HRAFF Film Review – The Queen has No Crown

By Alexandra Kua

The Queen has No Crown is a poignant portrayal of a decade in the lives of filmmaker Tomer Heymann and his family. The film concentrates on Heymann’s relationships with his family, his sexuality, and the Israeli–Palestinian conflict that has become a stark reality in the background of their lives.

By expressing their feelings about what it means to be gay; to be married; to have a family, the children reveal a certain naivety that, for a moment, makes choosing a life appear simple and uncomplicated…

Shot in 8-millimetre film, the documentary has the aesthetic of a family film and includes older snippets from Heymann’s youth. The use of this type of film stock, with its faded and characterful appearance, helps to capture the essence of what Heymann is trying to portray – an ordinary family with real problems and emotions.

Heymann explores the significance of “being gay” with his young nieces and nephews, offering a touching and interesting insight into the influences parents and society have on children’s views of the world. By expressing their feelings about what it means to be gay; to be married; to have a family, the children reveal a certain naivety that, for a moment, makes choosing a life appear simple and uncomplicated – irrespective of who or where you are.

One niece shares a firm belief that there is nothing wrong with being gay if it is “who you are”, and being honest about your feelings is what’s most important. Heymann’s nephew has a more complicated idea of his uncle’s sexuality. He playfully asserts that being gay is “not right” because he feels all adults should be married and have a family, something he cannot reconcile with gayness.

Being a migrant child from a home that values family highly, I can imagine – at least to some degree – the confusion, excitement, sense of lost culture, and sadness experienced by the nieces and nephews in moving to a new country.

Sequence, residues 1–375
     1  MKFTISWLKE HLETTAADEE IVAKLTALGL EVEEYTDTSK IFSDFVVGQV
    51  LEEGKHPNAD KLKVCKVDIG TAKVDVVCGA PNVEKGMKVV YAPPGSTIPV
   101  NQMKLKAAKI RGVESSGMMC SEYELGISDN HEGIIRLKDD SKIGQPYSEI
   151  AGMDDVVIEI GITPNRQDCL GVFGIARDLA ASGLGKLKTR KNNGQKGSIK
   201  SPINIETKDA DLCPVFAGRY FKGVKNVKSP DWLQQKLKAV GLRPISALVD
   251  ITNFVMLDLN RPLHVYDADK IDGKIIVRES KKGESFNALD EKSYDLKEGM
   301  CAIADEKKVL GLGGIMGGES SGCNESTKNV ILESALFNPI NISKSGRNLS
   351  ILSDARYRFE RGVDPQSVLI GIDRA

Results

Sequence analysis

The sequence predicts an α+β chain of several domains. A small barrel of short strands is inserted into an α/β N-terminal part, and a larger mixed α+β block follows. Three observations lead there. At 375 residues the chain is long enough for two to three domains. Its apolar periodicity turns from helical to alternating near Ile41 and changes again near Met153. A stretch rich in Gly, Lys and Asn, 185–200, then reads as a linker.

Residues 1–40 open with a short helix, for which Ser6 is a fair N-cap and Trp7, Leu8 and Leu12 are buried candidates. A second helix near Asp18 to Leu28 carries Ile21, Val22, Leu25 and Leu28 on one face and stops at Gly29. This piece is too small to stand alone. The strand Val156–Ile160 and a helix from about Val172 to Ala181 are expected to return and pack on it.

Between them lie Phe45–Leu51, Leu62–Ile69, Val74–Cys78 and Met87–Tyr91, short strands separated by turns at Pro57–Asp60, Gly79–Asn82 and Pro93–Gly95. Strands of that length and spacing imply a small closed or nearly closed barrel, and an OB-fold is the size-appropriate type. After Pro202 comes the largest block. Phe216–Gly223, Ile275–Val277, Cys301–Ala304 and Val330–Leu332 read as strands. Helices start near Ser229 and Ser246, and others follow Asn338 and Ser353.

Heymann and his younger brother end up being the only siblings left in Israel with his mother, and they stay to take care of her. She expresses her sadness at not having her grandchildren nearby. A lingering close-up of Heymann’s brother and mother’s hands shows the family’s closeness. Whether through love or hate, they stay together.

The protests and increasing violence in Israel – part of the reason why three out of five sons moved to America – seem surprisingly distanced from the audience. The question of the brothers’ reasons for departure is raised in several interviews. But although their responses depict some of the tension in the homeland, they don’t convey the full impact of the violence.

Being a migrant child from a home that values family highly, I can imagine – at least to some degree – the confusion, excitement, sense of lost culture, and sadness experienced by the nieces and nephews in moving to a new country. Despite efforts to preserve their culture, such as continuing to speak Hebrew, the feeling of loss is palpable. The assimilation of the brothers and their families into an American way of life is clearly demonstrated, and the comparative isolation of their mother is especially well depicted.

Overall, the documentary explores very difficult moments in life … with great delicacy, covering ground not often traversed in film.

Despite the raw and touching emotions evoked by the film, the probing questions Heymann asks of his family – while recording their sometimes quite emotional responses in close-up – feel invasive at times. The representation of these family members also seems somewhat one-sided, and their characters are not given their full spectrum, which is a little disappointing considering that the film revolves around Heymann’s relationship with his family almost as much as it does around his sexuality.

Overall, the documentary explores very difficult moments in life – such as Heymann’s episodes of depression; the homophobia he faces amongst some people in Israel; and the widening culture difference between the family members in Israel and those in America – with great delicacy, covering ground not often traversed in film.

The Queen has No Crown is screening on Saturday 26 May 2012 at 9pm, at Melbourne’s ACMI Cinemas. To purchase tickets, click here.

For more on our coverage of the Human Rights Arts and Film Festival, click here.

To visit the HRAFF website, click here.

Latest

Review – Renewal: Five Paths to a Fairer Australia

By Georgia Cerni

Sophie Cousins’ book Renewal: Five Paths to a Fairer Australia is, in many respects, a proposal. For Cousins, the COVID-19 pandemic has provided Australians with an opportunity to reconsider the ways our society currently functions. Cousins aptly makes her case – while in some ways the pandemic reinforced burgeoning inequalities, it also presented us the chance to apply collectivist values to solve systemic problems.